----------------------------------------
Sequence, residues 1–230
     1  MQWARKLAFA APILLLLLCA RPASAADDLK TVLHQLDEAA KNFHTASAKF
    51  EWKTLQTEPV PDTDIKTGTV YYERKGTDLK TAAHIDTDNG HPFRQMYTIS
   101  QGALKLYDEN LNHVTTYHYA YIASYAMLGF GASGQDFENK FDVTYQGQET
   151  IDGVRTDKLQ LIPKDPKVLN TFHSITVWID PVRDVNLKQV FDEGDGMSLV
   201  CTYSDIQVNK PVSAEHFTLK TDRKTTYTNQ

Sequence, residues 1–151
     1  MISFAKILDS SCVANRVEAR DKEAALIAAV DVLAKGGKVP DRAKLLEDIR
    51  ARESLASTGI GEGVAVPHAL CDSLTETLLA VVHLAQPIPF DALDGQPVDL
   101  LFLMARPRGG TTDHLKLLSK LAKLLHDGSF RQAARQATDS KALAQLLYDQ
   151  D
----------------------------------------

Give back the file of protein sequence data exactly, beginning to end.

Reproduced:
Sequence, residues 1–230
     1  MQWARKLAFA APILLLLLCA RPASAADDLK TVLHQLDEAA KNFHTASAKF
    51  EWKTLQTEPV PDTDIKTGTV YYERKGTDLK TAAHIDTDNG HPFRQMYTIS
   101  QGALKLYDEN LNHVTTYHYA YIASYAMLGF GASGQDFENK FDVTYQGQET
   151  IDGVRTDKLQ LIPKDPKVLN TFHSITVWID PVRDVNLKQV FDEGDGMSLV
   201  CTYSDIQVNK PVSAEHFTLK TDRKTTYTNQ

Sequence, residues 1–151
     1  MISFAKILDS SCVANRVEAR DKEAALIAAV DVLAKGGKVP DRAKLLEDIR
    51  ARESLASTGI GEGVAVPHAL CDSLTETLLA VVHLAQPIPF DALDGQPVDL
   101  LFLMARPRGG TTDHLKLLSK LAKLLHDGSF RQAARQATDS KALAQLLYDQ
   151  D